The Frank Slide was a must-stop as we drove along the Crowsnest Highway near Blairmore, Alberta. The slide happened on April 29, 1903, when about 82 million tons of limestone fell off of Turtle Mountain.
The Frank Slide was a must-stop as we drove along the Crowsnest Highway near Blairmore, Alberta. The slide happened on April 29, 1903, when about 82 million tons of limestone fell off of Turtle Mountain.
Part of our field trip group discusses Centrosaur Bone Bed 43 during our guided hike at Dinosaur Provincial Park, Alberta.
Part of our field trip group discusses Centrosaur Bone Bed 43 during our guided hike at Dinosaur Provincial Park, Alberta.

Notes From the Field – The Rest of the 2014 AWG Geology Field Trip

The 2014 AWG Canadian Rockies Geology Field Trip did actually end last Sunday (9/7) and we did indeed make it back to Calgary largely unscathed. As many of you probably know, when lodging amenities state that WiFi is included, it most likely means that one can check email – not post blogs with photos of any size, or maybe not even post blogs without photos. Anyways, we did run out of somewhat viable WiFi in our remaining travels. So – this blog is a brief summary of what other adventures awaited us on the road from Revelstoke, B.C. to Fernie, B.C., and then eastward to Dinosaur Provincial Park near Brooks, Alberta, and finally to the amazing Royal Tyrrell Museum at Drumheller, Alberta.

Dutch Creek Hoodoos at mouth of Dutch Creek along Highway 93/95 south to Cranbrook, B.C.. The hoodoos are calcite-cemented Quaternary deltaic foresets deposited at edge of Glacial Lake Invermere.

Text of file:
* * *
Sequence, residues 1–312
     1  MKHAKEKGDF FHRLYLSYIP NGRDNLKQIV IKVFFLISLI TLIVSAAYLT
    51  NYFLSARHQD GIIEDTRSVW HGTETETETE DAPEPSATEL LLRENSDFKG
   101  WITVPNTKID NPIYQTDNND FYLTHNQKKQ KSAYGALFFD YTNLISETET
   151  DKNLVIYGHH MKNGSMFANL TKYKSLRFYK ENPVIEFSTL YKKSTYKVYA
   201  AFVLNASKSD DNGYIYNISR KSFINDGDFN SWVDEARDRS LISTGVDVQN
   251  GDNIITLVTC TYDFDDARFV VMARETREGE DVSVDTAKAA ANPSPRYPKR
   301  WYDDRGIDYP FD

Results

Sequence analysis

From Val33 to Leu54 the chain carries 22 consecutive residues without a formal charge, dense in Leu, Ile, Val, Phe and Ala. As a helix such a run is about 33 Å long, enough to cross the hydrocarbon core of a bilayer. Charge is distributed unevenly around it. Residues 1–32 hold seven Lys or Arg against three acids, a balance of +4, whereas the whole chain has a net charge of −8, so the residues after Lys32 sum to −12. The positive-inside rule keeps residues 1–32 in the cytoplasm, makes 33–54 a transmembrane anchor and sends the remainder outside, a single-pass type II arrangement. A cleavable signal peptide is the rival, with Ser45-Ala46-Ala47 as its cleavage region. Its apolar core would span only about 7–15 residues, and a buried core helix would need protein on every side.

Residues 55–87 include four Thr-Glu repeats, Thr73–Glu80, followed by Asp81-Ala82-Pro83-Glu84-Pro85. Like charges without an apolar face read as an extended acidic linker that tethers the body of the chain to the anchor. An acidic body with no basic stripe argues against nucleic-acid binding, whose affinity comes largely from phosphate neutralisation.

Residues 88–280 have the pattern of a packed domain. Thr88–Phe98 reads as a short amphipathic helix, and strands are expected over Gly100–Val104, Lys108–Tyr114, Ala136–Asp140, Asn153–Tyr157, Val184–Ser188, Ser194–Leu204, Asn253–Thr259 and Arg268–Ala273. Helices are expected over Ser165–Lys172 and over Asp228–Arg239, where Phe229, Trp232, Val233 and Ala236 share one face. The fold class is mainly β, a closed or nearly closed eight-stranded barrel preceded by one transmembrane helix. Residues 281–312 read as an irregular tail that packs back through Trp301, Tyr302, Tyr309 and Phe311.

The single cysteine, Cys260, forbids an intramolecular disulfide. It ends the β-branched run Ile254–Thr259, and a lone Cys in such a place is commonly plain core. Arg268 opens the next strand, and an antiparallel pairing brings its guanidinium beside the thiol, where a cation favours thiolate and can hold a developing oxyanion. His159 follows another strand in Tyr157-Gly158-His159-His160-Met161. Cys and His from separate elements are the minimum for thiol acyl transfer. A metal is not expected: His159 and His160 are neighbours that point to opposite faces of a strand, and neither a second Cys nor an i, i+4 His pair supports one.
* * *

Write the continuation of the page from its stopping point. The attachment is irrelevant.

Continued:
Dutch Creek Hoodoos at mouth of Dutch Creek along Highway 93/95 south to Cranbrook, B.C.. The hoodoos are calcite-cemented Quaternary deltaic foresets deposited at edge of Glacial Lake Invermere.

 

 

 

 

 

 

 

 

View southeastward of the Rocky Mountain Trench along Highway 93/95 South where Columbia Lake forms the headwaters to both the Columbia and Kootenay Rivers.
View southeastward of the Rocky Mountain Trench along Highway 93/95 South where Columbia Lake forms the headwaters to both the Columbia and Kootenay Rivers.

 

The Three Sisters as viewed from Fernie, B.C.. All the rock units are upside down, with the Devonian Palliser Formation comprising the top of the far left "sister" and the Mississippian Rundle Formation overlying the Triassic Spray River Group (in the lower right of photo and occurring mostly in tree-covered slopes) via the Hosmer Thrust.
The Three Sisters as viewed from Fernie, B.C.. All the rock units are upside down, with the Devonian Palliser Formation comprising the top of the far left “sister” and the Mississippian Rundle Formation overlying the Triassic Spray River Group (in the lower right of photo and occurring mostly in tree-covered slopes) via the Hosmer Thrust.

 

The Frank Slide, located east of the towns of Coleman and Blairmore, Alberta, in the Crowsnest Pass area. The slide occurred on 4/29/1903. when 82 million tons of limestone fell off Turtle Mountain, burying part of the town of Frank, Alberta.
The Frank Slide, located east of the towns of Coleman and Blairmore, Alberta, in the Crowsnest Pass area. The slide occurred on 4/29/1903. when 82 million tons of limestone fell off Turtle Mountain, burying part of the town of Frank, Alberta.